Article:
Published December 9, 2021 by Nan Mykel

Just a quick update, because I can’t bear to do much more.  As a chaplain at a hospital in a small city in Northeast Wisconsin, I find more daily heartbreak now than even in the previous months of the pandemic, even during our peak months of November 2020-March 2021.  The numbers are at least as high on our ICU and our general COVID unit.  The difference is in the ages of the people who are dying, and of those who are closest to them.  Last month, we saw many people in their 40’s dying.  Young adults in their late teens and 20’s were their children, and seeing them try to figure out how to mourn was heart-wrenching.  We saw every reaction one could imagine, from denial to self-blame to signs of deep depression.

This new month seems to be bringing us the deaths of patients in their 30’s.  A couple of nights ago, a woman of 39 with two kids, ages 5 and 9, and a devastated husband.  My colleague who responded after midnight when she took a nosedive gave the kids prayer blankets, and helped them gather up the drawings they made for their mom, which were taped up on the walls of her room.  She was never aware of them in the last 10-14 days of her life, though, since she was intubated, sedated and paralyzed with medications.  He offered the prayers her husband and family requested, and went home to try to rest, but that was interrupted a few hours later by a call to our sister hospital, where there were more deaths.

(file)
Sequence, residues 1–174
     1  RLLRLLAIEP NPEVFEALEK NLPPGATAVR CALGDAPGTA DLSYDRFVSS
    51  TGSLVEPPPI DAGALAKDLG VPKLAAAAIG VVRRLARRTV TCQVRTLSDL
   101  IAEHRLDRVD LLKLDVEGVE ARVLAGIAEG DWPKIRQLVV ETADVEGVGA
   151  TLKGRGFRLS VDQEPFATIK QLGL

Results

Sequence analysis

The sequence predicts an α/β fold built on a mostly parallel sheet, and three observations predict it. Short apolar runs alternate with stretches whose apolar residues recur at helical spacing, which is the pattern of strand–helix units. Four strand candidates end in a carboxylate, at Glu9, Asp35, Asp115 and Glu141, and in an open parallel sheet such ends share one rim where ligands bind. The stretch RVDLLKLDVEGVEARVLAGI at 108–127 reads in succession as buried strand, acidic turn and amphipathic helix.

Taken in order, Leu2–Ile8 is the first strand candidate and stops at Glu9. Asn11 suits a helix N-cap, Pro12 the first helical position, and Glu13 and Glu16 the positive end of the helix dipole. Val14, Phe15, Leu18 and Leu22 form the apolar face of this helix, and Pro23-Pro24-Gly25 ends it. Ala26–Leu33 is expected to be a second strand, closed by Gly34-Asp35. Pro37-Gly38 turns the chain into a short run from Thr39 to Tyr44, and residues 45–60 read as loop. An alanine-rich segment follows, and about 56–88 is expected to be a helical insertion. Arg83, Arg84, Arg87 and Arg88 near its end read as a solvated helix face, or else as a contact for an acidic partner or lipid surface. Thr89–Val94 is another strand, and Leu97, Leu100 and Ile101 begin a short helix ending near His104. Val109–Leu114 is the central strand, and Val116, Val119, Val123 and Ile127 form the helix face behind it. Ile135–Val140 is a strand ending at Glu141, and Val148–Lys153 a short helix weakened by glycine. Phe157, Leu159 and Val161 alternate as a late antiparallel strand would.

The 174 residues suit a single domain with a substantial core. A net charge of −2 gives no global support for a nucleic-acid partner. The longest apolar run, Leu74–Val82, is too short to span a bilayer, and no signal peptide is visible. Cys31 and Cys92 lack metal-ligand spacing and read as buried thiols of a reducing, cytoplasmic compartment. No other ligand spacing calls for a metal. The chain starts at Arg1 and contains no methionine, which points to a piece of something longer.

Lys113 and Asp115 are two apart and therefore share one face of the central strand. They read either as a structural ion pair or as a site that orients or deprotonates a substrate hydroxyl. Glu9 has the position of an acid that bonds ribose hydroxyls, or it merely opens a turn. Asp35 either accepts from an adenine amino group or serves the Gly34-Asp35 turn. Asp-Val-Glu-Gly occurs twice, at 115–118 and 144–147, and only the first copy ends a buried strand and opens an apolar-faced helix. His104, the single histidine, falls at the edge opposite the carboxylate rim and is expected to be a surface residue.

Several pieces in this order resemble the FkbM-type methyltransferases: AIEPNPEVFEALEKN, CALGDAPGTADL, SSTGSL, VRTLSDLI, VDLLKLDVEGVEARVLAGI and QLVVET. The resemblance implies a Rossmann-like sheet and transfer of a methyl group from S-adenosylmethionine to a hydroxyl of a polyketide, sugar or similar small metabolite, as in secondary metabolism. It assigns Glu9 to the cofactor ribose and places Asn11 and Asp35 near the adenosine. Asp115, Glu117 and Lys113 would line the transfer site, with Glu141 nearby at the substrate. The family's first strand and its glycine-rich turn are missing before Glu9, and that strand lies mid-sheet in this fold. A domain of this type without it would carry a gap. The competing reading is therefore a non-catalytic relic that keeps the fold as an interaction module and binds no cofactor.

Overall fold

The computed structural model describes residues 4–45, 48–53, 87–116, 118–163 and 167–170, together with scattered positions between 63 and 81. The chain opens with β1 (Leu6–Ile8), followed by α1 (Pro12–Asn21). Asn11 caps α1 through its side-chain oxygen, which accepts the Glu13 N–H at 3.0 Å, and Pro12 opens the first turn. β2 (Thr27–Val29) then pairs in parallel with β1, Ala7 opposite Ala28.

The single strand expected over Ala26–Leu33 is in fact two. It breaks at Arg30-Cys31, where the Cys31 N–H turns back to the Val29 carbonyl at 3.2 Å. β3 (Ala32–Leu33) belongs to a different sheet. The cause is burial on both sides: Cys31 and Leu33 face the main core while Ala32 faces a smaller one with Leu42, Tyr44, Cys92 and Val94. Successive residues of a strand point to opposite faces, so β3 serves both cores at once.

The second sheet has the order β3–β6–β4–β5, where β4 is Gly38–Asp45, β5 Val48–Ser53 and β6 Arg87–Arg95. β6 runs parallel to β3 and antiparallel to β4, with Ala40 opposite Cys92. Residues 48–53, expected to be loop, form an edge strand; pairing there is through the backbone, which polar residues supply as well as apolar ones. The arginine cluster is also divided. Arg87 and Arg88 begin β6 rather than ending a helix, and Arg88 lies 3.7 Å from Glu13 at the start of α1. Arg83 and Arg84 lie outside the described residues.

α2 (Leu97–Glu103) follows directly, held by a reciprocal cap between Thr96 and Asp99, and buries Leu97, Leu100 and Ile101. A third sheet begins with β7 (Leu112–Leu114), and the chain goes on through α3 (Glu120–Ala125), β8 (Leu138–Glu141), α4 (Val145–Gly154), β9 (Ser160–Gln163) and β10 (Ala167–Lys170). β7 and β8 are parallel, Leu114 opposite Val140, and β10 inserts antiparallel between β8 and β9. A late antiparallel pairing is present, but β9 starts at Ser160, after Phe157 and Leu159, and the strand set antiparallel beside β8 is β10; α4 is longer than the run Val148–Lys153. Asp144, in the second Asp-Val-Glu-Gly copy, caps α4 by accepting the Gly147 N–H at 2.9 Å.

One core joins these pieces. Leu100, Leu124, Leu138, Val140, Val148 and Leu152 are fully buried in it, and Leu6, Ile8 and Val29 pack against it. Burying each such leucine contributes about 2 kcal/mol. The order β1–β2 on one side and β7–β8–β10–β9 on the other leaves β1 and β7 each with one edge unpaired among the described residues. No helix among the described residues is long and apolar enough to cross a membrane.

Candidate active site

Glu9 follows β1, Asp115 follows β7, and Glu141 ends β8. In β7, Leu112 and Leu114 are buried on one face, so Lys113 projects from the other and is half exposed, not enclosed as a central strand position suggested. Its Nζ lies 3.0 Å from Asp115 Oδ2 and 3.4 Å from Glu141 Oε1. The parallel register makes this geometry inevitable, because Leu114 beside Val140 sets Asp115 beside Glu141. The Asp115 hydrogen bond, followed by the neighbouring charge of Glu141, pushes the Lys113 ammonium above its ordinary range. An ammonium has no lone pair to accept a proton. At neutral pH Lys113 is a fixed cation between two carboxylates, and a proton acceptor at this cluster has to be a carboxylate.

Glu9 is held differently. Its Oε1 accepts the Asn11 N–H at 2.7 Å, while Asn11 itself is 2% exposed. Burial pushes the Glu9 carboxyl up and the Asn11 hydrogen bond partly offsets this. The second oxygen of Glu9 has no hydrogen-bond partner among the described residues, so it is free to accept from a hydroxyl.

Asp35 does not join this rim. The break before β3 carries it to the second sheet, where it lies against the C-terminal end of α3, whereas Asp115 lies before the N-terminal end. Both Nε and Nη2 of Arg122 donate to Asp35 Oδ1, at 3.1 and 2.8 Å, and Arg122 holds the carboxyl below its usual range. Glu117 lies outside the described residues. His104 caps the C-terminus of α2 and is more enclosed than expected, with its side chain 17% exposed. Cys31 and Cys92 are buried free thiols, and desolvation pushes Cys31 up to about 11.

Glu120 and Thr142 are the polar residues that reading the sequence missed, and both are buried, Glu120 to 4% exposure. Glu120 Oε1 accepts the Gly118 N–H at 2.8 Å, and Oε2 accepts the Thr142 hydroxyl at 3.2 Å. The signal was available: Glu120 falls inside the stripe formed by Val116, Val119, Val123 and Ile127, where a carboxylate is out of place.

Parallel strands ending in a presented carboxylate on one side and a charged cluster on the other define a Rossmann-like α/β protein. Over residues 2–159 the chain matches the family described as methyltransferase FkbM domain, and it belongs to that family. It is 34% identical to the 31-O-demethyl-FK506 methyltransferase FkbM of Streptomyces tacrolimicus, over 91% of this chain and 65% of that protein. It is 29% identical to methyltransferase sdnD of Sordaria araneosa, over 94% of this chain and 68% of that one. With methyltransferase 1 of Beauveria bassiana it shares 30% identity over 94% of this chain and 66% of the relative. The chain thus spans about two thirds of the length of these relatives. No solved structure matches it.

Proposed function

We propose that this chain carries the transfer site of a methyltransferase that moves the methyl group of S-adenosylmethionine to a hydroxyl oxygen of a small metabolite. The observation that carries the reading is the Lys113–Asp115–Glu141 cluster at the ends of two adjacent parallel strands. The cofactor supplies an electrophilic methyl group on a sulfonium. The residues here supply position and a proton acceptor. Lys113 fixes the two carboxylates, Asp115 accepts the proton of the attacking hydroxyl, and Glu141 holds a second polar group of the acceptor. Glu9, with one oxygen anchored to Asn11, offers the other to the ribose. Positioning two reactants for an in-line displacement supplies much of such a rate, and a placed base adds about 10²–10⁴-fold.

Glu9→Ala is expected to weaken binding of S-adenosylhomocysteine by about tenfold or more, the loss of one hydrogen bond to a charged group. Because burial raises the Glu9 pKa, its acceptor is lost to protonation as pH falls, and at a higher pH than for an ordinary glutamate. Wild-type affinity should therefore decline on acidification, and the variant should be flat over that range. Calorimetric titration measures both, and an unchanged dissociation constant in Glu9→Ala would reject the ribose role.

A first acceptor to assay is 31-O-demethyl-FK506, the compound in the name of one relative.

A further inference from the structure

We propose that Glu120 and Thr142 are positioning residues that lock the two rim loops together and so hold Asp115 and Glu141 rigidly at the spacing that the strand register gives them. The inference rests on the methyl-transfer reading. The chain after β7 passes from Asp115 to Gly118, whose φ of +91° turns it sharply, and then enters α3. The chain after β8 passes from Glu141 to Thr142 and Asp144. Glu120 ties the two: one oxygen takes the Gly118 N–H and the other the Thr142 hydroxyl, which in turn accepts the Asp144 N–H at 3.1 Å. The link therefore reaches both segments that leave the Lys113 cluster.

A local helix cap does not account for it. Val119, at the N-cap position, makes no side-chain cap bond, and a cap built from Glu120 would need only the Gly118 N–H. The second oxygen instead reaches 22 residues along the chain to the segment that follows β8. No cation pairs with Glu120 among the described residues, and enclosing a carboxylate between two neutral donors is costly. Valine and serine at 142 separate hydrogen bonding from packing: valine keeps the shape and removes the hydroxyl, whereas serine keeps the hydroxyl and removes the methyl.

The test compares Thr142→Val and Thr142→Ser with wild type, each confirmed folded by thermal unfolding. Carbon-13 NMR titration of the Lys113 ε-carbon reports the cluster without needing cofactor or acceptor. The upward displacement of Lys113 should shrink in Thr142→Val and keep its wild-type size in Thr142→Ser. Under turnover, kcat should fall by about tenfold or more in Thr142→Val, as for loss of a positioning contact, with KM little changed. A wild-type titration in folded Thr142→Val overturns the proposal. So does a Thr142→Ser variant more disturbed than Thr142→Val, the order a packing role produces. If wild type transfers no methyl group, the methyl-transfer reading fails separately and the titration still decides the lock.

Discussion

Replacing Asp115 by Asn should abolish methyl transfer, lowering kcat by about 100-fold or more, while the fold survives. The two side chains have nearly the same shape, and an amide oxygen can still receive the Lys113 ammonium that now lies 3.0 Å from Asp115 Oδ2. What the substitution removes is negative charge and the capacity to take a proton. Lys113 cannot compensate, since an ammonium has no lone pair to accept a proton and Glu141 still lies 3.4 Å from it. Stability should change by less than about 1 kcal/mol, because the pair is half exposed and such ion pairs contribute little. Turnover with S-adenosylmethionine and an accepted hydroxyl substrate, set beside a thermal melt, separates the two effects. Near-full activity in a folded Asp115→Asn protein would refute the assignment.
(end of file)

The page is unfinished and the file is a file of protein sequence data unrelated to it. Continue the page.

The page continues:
Now I am watching the pain of a family whose beloved husband and son is only 34, and isn’t going to live much longer, and that of a 31-year-old woman patient with three little kids and a very broken husband, parents and best friend, keeping vigil as we allow them in one at a time to spend time with the beloved one, wearing proper PPE, of course.  It feels like a little taste of hell for them, I know, as well as for the poor exhausted nurses and respiratory therapists.  It feels like this will never end.  This is the first time I have seriously contemplated completely retiring.  I have loved working part-time, but don’t know if I am up to the task of doing this for the long-term.  I don’t know how our care team does it, with the physically challenging care, overtime, lack of breaks, and constant loss.  We’ve lost several to other work settings, because this is just too much.

Please hope/pray for an end to this horror show.  We are wrecking our health-care staff, and it doesn’t have to happen.  That’s the hardest part, knowing that, had these folks chosen vaccination, their kids wouldn’t be motherless, their young spouses wouldn’t be widowed.  The world has gone wrong, and the sorrow is everywhere.  I am fortunate that I work only three days a week and one overnight on-call every week, but it’s still more than I can bear sometimes.  Like today.

This content was created by a Daily Kos Community member.

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